What is an Ostomy: Types, Surgery Recovery & Care
February 22, 2023
An ostomy may seem like an overwhelming change. It will take time to get accustomed to the ostomy device and develop a care schedule, but skilled nursing can help you recover successfully.
What is an Ostomy?
An ostomy is a surgical procedure that alters how waste products, like urine and stool, exit your body. Part of your intestine is rerouted to an incision in your abdomen called a stoma that connects to a pouch outside your body. Ostomies allow your intestines to heal from inflammation or infection.
Conditions that require an ostomy include:
- Crohn’s disease
- Colorectal cancer
- Bowel obstructions
- Ulcerative colitis
- Trauma to the abdomen or colon
Depending on your medical condition and recovery, an ostomy can be permanent or temporary.
Types of Ostomies
There are two main types of ostomies:
Colostomy: A colostomy uses part of your colon to route waste out of your body through the left side of your abdomen. A loop colostomy uses a looped section of your colon, while an end colostomy attaches the end of your colon to your abdominal wall.
Ileostomy: This procedure takes a portion of your small intestine called the ileum and attaches it to a stoma on the left side of your abdomen. A urostomy is an ileostomy that pulls urine from your bladder through an ileal conduit. A J-pouch ileostomy uses an internal reservoir to collect stool from your small intestine.
Recovering from Ostomy Surgery
There are risks of post-surgical complications associated with an ostomy, including bleeding, ostomy obstructions, parastomal hernia and dehydration.
Recovery lasts about eight weeks, so proper education and care following an ostomy are essential. You’ll stay on a liquid diet immediately after your procedure and slowly introduce soft, easily digestible foods.
You can eat normally after a time but may find certain foods affect your digestive tract differently. Gas, nausea, diarrhea, constipation and urine odor are common.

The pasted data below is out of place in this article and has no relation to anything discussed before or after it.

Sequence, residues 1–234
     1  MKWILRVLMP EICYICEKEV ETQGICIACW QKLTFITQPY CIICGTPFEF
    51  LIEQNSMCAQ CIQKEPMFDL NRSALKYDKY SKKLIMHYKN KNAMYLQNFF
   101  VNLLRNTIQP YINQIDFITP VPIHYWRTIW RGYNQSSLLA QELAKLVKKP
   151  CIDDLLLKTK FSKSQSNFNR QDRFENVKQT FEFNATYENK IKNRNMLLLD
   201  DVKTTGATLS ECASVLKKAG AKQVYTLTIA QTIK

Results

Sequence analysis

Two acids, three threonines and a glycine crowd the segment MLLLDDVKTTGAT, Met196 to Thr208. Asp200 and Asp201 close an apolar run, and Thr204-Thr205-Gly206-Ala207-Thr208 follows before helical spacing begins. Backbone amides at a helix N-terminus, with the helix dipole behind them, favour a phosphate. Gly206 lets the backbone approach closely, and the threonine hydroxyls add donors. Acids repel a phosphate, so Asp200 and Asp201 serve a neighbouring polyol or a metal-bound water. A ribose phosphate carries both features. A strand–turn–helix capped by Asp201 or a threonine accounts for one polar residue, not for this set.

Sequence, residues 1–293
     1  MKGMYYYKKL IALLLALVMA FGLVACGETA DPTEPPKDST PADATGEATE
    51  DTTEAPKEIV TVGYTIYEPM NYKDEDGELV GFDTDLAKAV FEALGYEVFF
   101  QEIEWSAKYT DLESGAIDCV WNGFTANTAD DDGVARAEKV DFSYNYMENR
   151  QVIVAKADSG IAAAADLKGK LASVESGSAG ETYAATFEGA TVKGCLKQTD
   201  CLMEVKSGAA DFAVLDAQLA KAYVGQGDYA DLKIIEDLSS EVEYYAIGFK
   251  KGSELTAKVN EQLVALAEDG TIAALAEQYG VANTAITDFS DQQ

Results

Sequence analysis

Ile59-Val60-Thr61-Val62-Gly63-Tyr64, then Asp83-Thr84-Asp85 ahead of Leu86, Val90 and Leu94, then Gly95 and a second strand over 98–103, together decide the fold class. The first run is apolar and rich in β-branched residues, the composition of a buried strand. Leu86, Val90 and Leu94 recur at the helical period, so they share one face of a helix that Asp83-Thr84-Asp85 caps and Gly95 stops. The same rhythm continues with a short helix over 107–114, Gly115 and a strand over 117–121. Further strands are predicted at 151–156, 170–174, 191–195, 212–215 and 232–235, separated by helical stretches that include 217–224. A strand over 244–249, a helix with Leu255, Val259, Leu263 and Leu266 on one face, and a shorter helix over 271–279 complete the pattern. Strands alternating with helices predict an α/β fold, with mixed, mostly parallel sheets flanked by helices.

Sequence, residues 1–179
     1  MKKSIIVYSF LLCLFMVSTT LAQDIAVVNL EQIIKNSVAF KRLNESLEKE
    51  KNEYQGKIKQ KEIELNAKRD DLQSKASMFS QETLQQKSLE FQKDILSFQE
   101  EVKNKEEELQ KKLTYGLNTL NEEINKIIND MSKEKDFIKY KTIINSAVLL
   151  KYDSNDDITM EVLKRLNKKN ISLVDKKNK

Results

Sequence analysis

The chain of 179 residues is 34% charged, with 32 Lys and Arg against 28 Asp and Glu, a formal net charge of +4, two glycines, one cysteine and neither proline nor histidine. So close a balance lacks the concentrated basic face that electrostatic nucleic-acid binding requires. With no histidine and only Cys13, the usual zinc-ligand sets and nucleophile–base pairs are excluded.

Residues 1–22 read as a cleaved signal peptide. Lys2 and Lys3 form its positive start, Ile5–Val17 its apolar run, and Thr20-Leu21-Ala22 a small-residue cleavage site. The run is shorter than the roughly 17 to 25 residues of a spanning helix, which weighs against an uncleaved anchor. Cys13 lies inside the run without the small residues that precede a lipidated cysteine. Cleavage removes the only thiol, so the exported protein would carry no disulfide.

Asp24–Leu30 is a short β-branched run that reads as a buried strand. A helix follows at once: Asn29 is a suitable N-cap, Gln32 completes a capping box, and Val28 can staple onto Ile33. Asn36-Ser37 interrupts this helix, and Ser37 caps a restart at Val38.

You may bathe normally with a stoma, but showering is a more sanitary option if your wound is still healing. You shouldn’t lift heavy objects and only exercise per your doctor’s advice.
Caring for an Ostomy
The stoma does not have muscle around it, so you can’t control bowel movements or urination, depending on the type of ostomy. Keep the pouch half full to avoid leaks and bulges in the bag. You’ll need to empty the pouch one to three times daily and attach a new pouch at least once a week.
Here are some care tips for emptying and cleaning an ostomy bag:
- Stand next to or sit on the toilet while you unclamp the pouch, holding the tail shut.
- Unfold the tail and empty the bag into the toilet.
- Rinse the pouch and wipe the inside and outside clean.
- Place the clamp’s bar across the pouch tail and press until the clamp locks.
- Replace the ostomy bag if you find any leaks or tears.
How Skilled Nursing Can Help You Manage an Ostomy
Skilled nursing offers dedicated wound and ostomy care to optimize your rehabilitation. An ostomy nurse will teach you how to manage your dressings and clean and change your pouches.
You’ll have access to other medical services, such as pain management and vital monitoring, to track your progress and reduce the likelihood of rehospitalization.
Skilled nursing staff can also connect you with ostomy support groups and resources to help you adjust to your device and lifestyle changes.
Embassy Healthcare offers 24-hour skilled nursing services for ostomy conditions. You’ll have access to wound care, nutrition and dietary counseling and other clinical services to support your recovery. Call 216-378-2050 or contact us online for more information.